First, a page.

Work has been crazy with long hours recently, so though I have been reading my time at home has been spent with my wife instead of blogging on the research. Here is a brief recap of some of the articles – I hope to be able to be more thorough in the near future.
1. A way to improve balance:
Han K, Ricard MD, Fellingham GW. Effects of a 4-week exercise program on balance using elastic tubing as a perturbation force for individuals with a history of ankle sprains. J Orthop Sports Phys Ther. 2009; 39:246-255.
RCT trial comparing balance (using a force plate) between those with chronic ankle instability and those who were healthy, both being enrolled in a program using elastic tubing and stepping (forward, backward, cross-over and reverse cross-over) over 4 weeks. Both groups had improved balance at the end of the four weeks and retained gains when measured four weeks later.
2. Hip OA clinical practice guidelines:
Cibulka MT, White DM, Woehrle J, Harris-Hayes M, Enseki K, Fagerson TL, Slover J, Godges J. Hip pain and mobility deficits – hip osteoarthritis: clinical practice guidelines linked to the International Classification of Functioning, Disability, and Health from the Orthopaedic Section of the American Physical Therapy Association. J Orthop Sports Phys Ther. 2009; 39:A1-25.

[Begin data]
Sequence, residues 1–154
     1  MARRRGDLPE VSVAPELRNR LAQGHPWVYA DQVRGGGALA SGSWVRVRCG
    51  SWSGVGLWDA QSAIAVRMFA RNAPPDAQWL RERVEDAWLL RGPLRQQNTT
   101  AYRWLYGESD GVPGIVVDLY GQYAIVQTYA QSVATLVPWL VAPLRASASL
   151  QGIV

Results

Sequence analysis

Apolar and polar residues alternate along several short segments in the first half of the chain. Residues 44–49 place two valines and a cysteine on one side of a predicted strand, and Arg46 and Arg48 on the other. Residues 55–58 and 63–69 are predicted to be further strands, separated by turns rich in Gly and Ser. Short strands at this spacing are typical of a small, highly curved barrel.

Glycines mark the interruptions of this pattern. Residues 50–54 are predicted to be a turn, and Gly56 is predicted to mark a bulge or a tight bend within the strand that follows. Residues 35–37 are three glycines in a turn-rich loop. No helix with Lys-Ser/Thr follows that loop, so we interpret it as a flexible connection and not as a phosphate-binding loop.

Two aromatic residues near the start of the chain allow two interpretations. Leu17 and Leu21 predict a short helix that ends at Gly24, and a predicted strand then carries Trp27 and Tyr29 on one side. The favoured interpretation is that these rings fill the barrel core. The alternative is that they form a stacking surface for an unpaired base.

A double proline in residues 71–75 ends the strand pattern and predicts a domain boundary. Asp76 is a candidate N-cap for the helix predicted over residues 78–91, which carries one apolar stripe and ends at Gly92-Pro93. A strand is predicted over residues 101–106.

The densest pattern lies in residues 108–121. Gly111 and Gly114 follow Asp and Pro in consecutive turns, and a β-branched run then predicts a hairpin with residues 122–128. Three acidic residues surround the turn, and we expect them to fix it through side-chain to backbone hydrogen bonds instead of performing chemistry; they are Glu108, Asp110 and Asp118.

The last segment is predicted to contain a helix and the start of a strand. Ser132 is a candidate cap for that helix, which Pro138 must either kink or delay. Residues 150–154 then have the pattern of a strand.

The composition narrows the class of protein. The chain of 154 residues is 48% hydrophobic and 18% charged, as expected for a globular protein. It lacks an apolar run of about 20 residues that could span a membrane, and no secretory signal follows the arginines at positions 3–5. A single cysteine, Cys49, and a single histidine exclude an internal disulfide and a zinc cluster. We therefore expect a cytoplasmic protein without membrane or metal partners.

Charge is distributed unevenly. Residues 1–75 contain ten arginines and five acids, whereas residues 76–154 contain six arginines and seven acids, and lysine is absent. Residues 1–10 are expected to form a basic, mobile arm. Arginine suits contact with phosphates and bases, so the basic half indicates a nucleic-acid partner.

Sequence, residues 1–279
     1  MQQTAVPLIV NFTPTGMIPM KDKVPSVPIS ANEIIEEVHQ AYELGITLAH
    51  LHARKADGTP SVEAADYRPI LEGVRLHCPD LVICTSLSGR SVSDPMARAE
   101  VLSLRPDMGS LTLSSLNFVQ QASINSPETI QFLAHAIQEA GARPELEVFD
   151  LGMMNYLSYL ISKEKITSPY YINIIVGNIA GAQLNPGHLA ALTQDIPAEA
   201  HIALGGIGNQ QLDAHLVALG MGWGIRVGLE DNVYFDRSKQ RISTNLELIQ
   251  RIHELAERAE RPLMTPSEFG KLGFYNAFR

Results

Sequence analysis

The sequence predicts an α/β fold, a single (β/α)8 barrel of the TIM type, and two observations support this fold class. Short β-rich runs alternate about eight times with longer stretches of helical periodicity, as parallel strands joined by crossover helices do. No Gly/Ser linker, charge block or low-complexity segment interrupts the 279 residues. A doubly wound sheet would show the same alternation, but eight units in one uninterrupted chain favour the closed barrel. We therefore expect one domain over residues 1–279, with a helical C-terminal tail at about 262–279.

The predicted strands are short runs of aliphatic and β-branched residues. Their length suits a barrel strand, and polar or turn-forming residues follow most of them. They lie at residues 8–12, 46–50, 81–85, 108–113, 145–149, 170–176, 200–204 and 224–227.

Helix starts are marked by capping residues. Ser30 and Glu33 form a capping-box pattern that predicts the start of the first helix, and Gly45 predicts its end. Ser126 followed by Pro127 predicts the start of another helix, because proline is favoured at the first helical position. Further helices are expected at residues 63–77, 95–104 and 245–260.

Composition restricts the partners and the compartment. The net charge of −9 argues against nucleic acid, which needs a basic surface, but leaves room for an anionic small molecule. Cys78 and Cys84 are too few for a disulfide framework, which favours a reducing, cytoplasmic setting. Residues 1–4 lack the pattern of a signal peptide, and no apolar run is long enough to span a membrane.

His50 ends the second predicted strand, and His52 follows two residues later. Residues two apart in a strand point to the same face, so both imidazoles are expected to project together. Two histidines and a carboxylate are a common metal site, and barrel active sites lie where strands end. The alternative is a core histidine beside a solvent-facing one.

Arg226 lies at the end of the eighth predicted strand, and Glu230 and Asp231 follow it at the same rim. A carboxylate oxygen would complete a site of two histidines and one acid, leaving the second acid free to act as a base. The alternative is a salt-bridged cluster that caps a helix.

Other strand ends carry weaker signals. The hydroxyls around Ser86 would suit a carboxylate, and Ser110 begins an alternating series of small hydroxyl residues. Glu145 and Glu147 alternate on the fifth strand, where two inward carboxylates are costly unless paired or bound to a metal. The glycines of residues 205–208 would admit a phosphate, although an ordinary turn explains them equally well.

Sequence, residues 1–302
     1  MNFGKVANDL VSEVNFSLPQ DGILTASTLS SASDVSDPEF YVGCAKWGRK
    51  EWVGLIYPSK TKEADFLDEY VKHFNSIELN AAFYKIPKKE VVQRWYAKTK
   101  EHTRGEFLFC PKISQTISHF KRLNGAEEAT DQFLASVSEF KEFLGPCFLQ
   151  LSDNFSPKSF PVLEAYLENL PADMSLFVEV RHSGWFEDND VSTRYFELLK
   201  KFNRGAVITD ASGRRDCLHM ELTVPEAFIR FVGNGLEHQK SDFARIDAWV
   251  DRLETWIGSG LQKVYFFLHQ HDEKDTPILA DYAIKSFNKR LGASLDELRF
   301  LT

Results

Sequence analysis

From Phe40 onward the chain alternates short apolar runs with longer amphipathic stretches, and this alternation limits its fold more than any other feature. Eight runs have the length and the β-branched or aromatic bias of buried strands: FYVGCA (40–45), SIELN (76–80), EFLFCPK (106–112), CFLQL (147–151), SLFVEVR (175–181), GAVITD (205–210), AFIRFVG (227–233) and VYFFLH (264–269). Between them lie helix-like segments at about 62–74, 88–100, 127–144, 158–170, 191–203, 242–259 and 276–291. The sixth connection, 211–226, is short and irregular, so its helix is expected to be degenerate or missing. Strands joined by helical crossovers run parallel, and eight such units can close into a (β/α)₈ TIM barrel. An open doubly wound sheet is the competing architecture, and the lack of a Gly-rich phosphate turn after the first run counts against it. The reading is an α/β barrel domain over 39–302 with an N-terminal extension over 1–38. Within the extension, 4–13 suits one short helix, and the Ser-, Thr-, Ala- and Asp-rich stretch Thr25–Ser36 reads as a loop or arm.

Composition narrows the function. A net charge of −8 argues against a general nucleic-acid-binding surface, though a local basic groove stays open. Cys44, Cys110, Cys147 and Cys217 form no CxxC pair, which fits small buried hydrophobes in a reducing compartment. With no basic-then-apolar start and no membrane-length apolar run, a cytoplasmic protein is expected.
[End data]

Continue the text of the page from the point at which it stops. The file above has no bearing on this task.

I appreciate the EBP guideline that the Ortho Section created for hip OA (I haven’t read the others but I’ll be looking for them shortly), including diagnosis, differential diagnosis, outcome measures, activity limitations/ participation restriction measures, and interventions.
3.Knee OA treatment options for those who have increased pain in weight bearing:
Lin D, Lin CJ, Lin Y, Jan M. Efficacy of 2 non-weight-bearing interventions, proprioception training versus strength training for patients with knee osteoarthritis: a randomized clinical trial. J Orthop Sports Phys Ther. 2009; 39:450-457.
RCT trial comparing a proprioceptive training program to a strength training program (both non-weight bearing), using the WOMAC Osteoarthritis Index, walking time on 3 terrains, knee strength, and knee proprioception. Both exercises improved outcomes, but the proprioceptive training improved proprioception and strength training had a greater effect on knee extensor strength.
4. An outcome measure expanded:
Yeung TSM, Wessel J, Stratford P, Macdermid J. Reliability, validity and responsiveness of the Lower Extremity Functional Scale for inpatients of an orthopaedic rehabilitation ward. J Orthop Sports Phys Ther. 2009; 39:468-477.
First time tested for inpatients – found to be reliable and responsive, and able to assess change. Great idea for an outcome measure to track from inpatient to outpatient PT to show improvement not just within your area of practice but also help out others who may be treating the patient later.
5. Evidence for gluteal muscle exercises:
Distefano LJ, Blackburn JT, Marshall SW, Padua DA. Gluteal muscle activation during common therapeutic exercises. J Orthop Sports Phys Ther. 2009; 39:532-540.
Great timing to get this article in July, right after I started working with a patient with a THA – gave me better ideas how to progress and challenge him for glut med and max.
Picture credit: Free Child Walking on White Round Spheres Balance Creative Commons, originally uploaded by Pink Sherbet Photography